God gave them up to dishonorable passions. For their women exchanged natural relations for those that are contrary to nature; and the men likewise gave up natural relations with women and were consumed with passion for one another, men committing shameless acts with men and receiving in themselves the due penalty for their error. (Rom 1:26)

Notice Paul called sexual relations between a man and a woman natural, while lesbian and homosexual passions unnatural (cf Jude 7). Like all things that go against the grain of nature, they bring their own consequences in this life, the “due penalty” in themselves for their error. Elsewhere, when Paul speaks of men looking like men and women looking like women, he brings up nature again, “Does not nature itself teach you that if a man wears long hair it is a disgrace for him, but if a woman has long hair, it is her glory?” (1 Co 11:14–15)

It’s interesting when issues of sexual identity and gender identity come up in the Bible, nature is invoked. We know instinctively that men should dress and identify as men. We know instinctively that a man and a woman’s genitals fit together. I’m going to be graphic for a moment, but the reason I’m doing this is that when we talk about LGBTQ issues we often do so under the vague umbrella of love, and so we neglect to spell out what is actually going on in nature. When a man has anal intercourse with a man, it rips, it tears, it bleeds. It increases the chance of disease, and it makes your bum leak. When a man and a woman come together in vaginal intercourse, it is safe, naturally lubricated, and life creating. When a man and a man come together, the seed of life that comes out of a man is swallowed up in the bowels of defecation and death (Budziszewski, What We Can’t Not No). It’s not a natural action or desire. Furthermore, the results of these unnatural desires are severe. The Vanderbilt University Medical Center reports, “Men who have sex with men and gay men are at increased risk for certain types of chronic diseases, cancers, and mental health problems.” Gay men are at risk for HIV, HPV, Drug Abuse, Depression and Anxiety, Body Image Issues like anorexia, and bulimia. Transgender people are also susceptible to these same diseases, and their suicide rates are very high as well (Sharon James, Gender Ideology).

Someone could say that all the depression, the drug abuse, and the body image issues are because preachers like me keep telling people that these desires are unnatural. That would be one explanation. The other would be that when you go against nature there are predictable results. If you fill your lungs with carbon dioxide instead of oxygen there will be some predictable results. If you eat gravel for breakfast instead of granola there will be some predictable results (Budziszewski, The Meaning of Sex). And if you use your body unnaturally then there will be some predictable results.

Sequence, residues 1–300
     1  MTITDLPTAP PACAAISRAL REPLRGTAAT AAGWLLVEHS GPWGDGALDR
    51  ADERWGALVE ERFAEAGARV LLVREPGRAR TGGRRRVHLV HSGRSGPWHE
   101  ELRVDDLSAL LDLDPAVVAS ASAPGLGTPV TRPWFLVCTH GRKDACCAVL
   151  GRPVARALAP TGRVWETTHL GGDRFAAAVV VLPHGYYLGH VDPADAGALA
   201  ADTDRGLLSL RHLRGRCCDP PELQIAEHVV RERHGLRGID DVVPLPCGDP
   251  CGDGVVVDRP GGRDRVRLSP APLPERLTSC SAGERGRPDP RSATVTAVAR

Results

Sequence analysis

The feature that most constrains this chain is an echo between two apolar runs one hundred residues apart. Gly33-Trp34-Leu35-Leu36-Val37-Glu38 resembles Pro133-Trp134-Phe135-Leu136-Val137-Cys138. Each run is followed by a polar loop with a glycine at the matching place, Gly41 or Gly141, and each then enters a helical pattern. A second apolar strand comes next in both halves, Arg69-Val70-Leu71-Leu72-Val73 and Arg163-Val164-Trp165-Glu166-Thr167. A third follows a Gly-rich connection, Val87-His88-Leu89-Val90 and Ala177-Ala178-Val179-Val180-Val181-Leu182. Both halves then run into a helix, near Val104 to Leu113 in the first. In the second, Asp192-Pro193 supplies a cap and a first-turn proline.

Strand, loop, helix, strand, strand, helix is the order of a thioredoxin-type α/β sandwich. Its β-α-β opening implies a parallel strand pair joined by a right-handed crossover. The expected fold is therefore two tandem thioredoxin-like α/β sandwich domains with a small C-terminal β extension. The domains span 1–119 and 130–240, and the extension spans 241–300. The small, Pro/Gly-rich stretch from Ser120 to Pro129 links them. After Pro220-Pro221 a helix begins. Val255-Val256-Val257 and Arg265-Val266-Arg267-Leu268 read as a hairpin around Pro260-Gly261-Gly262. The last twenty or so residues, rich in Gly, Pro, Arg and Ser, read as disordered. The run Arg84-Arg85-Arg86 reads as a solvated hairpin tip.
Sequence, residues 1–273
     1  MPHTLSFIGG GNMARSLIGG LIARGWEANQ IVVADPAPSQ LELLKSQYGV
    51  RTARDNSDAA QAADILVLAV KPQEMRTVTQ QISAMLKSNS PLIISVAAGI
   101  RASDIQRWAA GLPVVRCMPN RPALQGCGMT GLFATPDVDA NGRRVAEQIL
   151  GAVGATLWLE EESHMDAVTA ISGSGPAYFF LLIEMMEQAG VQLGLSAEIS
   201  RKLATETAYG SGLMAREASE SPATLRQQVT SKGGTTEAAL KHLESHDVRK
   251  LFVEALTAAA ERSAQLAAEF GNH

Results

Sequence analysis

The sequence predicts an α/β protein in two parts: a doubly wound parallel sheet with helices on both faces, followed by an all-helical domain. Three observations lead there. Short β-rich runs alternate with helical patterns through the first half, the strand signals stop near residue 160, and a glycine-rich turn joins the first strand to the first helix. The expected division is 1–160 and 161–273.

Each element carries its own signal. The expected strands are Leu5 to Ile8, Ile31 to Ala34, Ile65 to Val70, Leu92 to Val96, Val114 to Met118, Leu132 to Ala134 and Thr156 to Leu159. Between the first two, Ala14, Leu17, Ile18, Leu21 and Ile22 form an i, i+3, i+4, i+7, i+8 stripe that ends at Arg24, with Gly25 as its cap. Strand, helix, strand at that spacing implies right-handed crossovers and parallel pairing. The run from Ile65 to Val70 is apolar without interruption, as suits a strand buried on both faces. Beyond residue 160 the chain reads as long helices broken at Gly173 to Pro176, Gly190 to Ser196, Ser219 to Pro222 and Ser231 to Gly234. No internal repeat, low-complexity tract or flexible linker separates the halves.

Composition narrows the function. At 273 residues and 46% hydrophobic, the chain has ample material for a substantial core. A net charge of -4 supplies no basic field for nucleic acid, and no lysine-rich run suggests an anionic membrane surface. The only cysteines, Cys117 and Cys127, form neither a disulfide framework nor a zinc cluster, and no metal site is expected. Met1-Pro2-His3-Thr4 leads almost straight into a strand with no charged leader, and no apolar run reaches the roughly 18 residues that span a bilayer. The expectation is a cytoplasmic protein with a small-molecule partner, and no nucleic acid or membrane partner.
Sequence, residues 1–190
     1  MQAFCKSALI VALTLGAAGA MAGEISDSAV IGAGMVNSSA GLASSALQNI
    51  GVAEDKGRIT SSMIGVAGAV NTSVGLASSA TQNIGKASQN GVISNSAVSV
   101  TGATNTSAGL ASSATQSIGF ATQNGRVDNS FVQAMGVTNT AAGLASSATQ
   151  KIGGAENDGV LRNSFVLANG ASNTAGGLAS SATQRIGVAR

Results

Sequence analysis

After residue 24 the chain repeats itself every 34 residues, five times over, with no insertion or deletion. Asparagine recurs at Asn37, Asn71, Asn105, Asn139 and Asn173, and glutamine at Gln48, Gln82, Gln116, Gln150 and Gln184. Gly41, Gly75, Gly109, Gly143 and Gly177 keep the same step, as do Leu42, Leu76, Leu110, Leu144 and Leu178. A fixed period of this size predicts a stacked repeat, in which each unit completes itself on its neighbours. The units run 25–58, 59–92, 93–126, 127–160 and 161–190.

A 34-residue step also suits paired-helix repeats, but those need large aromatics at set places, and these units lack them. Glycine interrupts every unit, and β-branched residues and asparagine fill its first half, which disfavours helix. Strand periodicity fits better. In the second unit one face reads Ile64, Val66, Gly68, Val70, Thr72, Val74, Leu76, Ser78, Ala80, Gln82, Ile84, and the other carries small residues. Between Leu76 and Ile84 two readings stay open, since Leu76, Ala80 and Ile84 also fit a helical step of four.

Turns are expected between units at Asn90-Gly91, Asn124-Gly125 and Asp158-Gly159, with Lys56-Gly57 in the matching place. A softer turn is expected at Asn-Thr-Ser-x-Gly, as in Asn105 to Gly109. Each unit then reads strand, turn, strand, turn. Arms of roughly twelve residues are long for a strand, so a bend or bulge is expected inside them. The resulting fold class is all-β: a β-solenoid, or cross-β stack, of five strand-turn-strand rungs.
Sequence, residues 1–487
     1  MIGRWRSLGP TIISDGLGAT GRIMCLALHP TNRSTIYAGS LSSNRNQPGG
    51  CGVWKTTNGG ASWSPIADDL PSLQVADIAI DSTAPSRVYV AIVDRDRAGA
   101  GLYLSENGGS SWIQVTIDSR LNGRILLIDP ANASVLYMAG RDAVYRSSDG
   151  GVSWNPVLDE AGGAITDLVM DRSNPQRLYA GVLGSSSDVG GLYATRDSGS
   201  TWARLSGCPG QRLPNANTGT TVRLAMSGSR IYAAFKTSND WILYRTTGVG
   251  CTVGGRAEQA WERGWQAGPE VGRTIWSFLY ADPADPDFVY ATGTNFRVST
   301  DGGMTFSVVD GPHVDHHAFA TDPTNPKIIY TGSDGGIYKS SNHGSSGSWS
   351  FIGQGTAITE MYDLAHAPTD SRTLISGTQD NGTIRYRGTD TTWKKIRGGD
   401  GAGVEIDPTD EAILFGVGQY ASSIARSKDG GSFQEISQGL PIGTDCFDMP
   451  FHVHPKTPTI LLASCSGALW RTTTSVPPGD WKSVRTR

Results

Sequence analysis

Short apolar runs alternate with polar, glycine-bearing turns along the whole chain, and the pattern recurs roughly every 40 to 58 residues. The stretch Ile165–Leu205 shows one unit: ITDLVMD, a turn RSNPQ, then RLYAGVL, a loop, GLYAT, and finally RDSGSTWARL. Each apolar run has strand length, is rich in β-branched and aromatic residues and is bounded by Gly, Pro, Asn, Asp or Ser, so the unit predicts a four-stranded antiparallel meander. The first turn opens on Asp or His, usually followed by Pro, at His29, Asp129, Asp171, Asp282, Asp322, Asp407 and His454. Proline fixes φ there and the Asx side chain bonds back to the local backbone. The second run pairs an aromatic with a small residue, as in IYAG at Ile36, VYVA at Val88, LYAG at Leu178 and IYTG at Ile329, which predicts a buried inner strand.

We are afraid to speak like this because we fear it lacks compassion. But isn’t it the height of compassion to share these truths with the world? We lovingly warn people about cigarettes and lung cancer but not about all the disease and depression that goes with sexual sin. Perhaps people will hear us and start to see that going down unnatural and harmful ways will hurt them. Perhaps they will see our warnings as a mercy, as a compassionate call from the God of creation who said, “Deny yourself, take up your Cross, and follow me.” We should compassionately talk about LGBTQ issues as the unnatural sins they are, and we should invite unbelievers (and Christians who struggle) into the joy of denying self and following Jesus.

4. We should wisely reject LGBTQ identity.

Some Christians today say gay people should embrace a traditional Christian sexual ethic while at the same time refusing to reject a gay identity. These men and women would agree with the Bible that sexual activity should occur only within a heterosexual marriage. So far so good. However, they’d also think it’s entirely acceptable for Christians who feel gay to identify as such. They argue that how you feel oriented inside defines your identity. I have two responses.

First, the inclination to identify your real self with your internal desires is shaped more by expressive individualism than by biblical faith. Labeling your ultimate identity by your sexual desires is not the way the Bible speaks about us. Pastors, we should encourage our people to think about themselves the way the Bible encourages us to think about our identities.

Second, it strikes me as odd that we don’t deal with any of sin like this. For example, I’ve struggled with anger as a Christian. Should I self-identify as an angry Christian? One preacher pointed out that we would not walk around and say something like, “I’m a racist. I mean don’t get me wrong, I don’t practice racism, but in terms of my orientation, I prefer the company of white people. I feel white culture is better.” It sucks the wind out of me to say that.